The steel motor vessel Gunnaren was launched from the Gothenburg yard of A/B Lindholmen Motala (Yard No 931) on 11th February 1930. She 354.1′ x 50.1′ x 21.7′ and her tonnage was 3229 gross tons, 1779 net tons. She was powered by 4S CSA 12 cylinder diesel engines by A/B Gotaverken, Gothenburg delivering 543 net horse power. She was ordered by Rederi A/B Transatlantic of Gothenburg and operated for this Swedish company for her short five year career before she ran aground and was lost on Swona in 1935.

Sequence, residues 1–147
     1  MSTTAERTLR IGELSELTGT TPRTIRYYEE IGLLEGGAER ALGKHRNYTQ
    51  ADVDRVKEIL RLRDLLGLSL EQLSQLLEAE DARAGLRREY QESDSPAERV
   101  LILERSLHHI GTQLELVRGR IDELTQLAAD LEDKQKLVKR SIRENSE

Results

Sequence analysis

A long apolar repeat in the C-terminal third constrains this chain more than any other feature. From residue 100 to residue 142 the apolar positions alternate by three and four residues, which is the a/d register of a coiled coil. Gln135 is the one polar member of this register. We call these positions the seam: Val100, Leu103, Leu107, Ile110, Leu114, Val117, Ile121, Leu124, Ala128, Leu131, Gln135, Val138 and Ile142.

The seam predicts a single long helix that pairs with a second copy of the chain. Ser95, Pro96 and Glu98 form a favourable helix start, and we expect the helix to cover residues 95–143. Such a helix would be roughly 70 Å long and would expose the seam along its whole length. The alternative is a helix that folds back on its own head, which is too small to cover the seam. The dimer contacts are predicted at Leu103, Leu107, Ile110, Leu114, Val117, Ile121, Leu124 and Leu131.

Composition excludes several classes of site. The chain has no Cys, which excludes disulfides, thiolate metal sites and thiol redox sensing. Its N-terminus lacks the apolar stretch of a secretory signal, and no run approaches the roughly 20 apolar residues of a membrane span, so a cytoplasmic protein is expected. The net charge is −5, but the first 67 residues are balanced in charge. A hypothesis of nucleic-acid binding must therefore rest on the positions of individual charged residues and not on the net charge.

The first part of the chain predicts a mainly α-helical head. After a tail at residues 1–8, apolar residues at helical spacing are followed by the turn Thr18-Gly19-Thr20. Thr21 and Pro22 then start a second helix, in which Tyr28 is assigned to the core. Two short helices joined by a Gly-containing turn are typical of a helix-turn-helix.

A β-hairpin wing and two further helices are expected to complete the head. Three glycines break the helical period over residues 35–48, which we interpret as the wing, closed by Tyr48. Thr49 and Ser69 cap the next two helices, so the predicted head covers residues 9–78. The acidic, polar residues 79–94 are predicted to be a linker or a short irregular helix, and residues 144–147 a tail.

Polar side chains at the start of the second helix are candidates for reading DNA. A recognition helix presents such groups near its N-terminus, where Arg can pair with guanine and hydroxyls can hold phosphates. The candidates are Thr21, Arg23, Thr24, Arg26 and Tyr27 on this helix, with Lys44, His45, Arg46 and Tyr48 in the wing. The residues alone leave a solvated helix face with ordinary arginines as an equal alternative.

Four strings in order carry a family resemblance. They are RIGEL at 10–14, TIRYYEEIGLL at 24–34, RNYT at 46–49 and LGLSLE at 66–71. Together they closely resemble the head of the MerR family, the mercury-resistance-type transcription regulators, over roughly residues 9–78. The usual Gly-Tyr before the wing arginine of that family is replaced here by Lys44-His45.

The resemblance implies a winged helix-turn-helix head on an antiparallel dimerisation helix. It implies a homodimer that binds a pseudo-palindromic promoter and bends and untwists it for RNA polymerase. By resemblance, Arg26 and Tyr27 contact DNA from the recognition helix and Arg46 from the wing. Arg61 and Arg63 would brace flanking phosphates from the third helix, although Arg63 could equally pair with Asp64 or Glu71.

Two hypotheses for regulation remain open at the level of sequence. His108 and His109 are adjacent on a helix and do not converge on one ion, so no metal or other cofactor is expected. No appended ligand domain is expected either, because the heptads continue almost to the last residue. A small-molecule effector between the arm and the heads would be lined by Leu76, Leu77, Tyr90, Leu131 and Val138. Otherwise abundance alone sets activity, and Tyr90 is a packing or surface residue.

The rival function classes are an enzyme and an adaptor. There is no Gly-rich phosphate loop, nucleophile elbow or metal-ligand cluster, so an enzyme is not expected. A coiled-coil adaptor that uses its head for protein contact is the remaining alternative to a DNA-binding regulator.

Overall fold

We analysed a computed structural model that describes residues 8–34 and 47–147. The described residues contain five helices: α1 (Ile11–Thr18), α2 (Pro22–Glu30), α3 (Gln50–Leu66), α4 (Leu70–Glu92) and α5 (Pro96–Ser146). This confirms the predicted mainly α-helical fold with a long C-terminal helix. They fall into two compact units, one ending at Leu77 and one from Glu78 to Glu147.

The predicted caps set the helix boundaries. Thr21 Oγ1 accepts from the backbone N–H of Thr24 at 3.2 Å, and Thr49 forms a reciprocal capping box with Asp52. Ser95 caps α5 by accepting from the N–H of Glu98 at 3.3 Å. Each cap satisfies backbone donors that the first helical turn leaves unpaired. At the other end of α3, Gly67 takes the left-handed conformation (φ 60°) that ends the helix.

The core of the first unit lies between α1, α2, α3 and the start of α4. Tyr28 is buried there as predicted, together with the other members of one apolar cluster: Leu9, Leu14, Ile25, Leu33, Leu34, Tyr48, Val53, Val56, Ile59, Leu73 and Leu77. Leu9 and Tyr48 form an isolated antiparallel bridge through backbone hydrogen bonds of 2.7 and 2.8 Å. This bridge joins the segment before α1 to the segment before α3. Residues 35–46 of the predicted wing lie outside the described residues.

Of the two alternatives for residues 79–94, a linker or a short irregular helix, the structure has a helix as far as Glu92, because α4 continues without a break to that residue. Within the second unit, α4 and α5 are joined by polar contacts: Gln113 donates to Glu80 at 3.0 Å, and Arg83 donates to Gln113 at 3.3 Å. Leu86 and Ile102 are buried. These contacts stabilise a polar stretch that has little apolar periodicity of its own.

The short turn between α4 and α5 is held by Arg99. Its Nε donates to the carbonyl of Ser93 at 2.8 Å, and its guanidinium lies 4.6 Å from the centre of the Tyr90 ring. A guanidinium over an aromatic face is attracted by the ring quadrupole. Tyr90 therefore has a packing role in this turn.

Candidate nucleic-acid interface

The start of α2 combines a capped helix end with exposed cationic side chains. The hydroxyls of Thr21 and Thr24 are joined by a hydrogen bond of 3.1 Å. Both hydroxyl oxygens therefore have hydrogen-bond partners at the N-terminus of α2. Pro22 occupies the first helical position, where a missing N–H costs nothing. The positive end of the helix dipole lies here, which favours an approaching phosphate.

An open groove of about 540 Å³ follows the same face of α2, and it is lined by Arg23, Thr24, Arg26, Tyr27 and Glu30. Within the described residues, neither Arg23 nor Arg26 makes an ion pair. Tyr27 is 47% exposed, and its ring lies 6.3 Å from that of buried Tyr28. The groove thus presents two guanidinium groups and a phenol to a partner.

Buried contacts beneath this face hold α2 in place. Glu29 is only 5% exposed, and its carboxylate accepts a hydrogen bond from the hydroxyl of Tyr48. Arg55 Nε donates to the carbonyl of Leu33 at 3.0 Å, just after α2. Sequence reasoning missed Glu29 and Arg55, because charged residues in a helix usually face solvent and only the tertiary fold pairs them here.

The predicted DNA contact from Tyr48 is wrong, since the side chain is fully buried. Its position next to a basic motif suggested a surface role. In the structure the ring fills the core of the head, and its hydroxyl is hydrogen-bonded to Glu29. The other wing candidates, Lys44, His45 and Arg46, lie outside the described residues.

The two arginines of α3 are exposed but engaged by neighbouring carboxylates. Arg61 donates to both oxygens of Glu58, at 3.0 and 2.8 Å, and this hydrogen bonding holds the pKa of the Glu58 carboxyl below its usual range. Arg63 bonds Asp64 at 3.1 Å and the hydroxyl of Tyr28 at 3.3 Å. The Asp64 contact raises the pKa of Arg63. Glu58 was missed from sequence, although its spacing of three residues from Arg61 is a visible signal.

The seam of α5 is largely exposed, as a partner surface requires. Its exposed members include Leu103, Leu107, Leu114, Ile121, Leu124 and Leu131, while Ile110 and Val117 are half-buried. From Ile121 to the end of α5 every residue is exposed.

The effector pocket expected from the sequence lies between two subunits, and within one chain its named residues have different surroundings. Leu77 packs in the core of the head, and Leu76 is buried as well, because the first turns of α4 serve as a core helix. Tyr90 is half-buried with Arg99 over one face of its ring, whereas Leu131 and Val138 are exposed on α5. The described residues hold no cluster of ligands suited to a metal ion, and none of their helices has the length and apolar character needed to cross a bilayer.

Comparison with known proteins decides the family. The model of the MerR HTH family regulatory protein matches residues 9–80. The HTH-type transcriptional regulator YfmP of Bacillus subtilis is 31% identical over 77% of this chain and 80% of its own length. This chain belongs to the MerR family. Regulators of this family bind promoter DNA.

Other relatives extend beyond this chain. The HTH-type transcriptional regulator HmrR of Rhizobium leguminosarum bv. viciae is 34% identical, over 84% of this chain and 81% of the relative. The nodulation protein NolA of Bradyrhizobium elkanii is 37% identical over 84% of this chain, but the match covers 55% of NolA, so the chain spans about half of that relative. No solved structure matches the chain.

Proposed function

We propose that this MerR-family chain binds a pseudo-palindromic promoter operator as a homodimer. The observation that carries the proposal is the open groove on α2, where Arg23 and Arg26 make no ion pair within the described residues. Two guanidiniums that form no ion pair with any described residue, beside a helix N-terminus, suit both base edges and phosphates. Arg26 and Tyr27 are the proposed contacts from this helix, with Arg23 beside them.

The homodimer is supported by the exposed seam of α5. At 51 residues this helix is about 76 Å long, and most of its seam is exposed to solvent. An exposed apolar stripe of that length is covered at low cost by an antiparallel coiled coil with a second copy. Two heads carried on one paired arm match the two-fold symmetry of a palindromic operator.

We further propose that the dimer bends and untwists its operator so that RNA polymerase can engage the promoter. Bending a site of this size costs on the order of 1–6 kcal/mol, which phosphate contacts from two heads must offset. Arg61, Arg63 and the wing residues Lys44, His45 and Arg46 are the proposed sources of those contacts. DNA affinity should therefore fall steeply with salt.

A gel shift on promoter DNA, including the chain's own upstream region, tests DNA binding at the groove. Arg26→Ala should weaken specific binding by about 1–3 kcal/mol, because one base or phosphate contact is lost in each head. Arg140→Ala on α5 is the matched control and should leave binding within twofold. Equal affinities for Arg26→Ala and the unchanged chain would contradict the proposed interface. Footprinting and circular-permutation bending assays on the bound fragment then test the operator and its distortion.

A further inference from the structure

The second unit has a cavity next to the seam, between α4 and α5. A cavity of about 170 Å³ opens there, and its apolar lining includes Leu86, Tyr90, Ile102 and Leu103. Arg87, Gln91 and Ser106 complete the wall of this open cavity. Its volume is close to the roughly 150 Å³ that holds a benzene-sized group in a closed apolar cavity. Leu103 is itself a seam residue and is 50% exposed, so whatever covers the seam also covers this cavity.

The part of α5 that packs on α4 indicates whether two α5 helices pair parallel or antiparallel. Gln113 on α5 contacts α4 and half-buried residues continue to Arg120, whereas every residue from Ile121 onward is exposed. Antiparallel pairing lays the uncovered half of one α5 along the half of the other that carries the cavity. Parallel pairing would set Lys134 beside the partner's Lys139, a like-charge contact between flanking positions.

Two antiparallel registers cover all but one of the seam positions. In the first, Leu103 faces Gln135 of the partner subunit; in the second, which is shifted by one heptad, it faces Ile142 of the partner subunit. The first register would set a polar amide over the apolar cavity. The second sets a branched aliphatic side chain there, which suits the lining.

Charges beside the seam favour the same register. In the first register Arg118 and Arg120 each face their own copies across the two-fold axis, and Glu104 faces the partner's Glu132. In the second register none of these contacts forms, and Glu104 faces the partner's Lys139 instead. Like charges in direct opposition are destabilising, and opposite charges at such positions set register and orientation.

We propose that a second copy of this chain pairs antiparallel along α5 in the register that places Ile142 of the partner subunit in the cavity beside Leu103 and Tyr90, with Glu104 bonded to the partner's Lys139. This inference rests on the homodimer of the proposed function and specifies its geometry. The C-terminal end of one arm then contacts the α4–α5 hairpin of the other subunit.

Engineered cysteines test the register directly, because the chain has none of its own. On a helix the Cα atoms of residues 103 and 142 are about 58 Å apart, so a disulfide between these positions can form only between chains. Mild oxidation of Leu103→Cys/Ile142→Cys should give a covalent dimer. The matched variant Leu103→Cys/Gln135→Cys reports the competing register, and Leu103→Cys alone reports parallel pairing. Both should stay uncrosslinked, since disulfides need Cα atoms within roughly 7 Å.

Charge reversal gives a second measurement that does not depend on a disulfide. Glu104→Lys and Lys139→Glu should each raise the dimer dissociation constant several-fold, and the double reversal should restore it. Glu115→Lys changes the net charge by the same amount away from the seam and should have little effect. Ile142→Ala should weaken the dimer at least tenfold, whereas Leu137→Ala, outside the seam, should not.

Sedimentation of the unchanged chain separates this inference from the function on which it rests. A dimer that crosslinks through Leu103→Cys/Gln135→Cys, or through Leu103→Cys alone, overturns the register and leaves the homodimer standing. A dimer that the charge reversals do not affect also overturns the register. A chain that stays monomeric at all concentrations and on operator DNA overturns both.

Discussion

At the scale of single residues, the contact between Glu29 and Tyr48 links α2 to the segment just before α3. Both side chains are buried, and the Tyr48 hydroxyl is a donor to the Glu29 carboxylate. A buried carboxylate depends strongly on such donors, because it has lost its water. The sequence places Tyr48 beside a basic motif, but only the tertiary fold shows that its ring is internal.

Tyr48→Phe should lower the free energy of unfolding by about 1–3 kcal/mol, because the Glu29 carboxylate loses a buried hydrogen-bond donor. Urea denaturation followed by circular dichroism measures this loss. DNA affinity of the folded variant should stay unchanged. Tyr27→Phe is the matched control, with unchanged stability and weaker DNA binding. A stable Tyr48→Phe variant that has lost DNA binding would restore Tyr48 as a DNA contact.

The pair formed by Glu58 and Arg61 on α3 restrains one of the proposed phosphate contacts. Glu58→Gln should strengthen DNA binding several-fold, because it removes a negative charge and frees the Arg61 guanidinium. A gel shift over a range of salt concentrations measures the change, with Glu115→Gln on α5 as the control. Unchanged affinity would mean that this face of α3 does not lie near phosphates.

On 19th August 1935 she was en route from New York to Gothenburg with a general cargo under the command of Captain Einar Reich who had a crew of thirty four men aboard. As she passed through the treacherous Pentland Firth she was enveloped in a thick fog reducing visibility dramatically and, with the combination of the fog and the severe tidal streams of the firth, she ran aground at Tarf Tail, Swona and stuck fast. At 6am Wick Radio picked up the ship’s distress messages which reported the ship ashore with 12 feet of water in the hold and a ten degree list to starboard. Wick then called out the Longhope lifeboat Thomas McCunn which was quickly launched reaching the scene at 8:15am. When the lifeboat reached Gunnaren the weather was calm meaning the crew were in no immediate danger. The lifeboat took off forty one bags of Swedish mail as a precaution but the crew remained aboard hoping that she could be easily refloated. After dropping off the mail the lifeboat returned to the wreck site stood by. Meanwhile a call was sent to the Swedish owners by the captain to dispatch tugs to pull her off.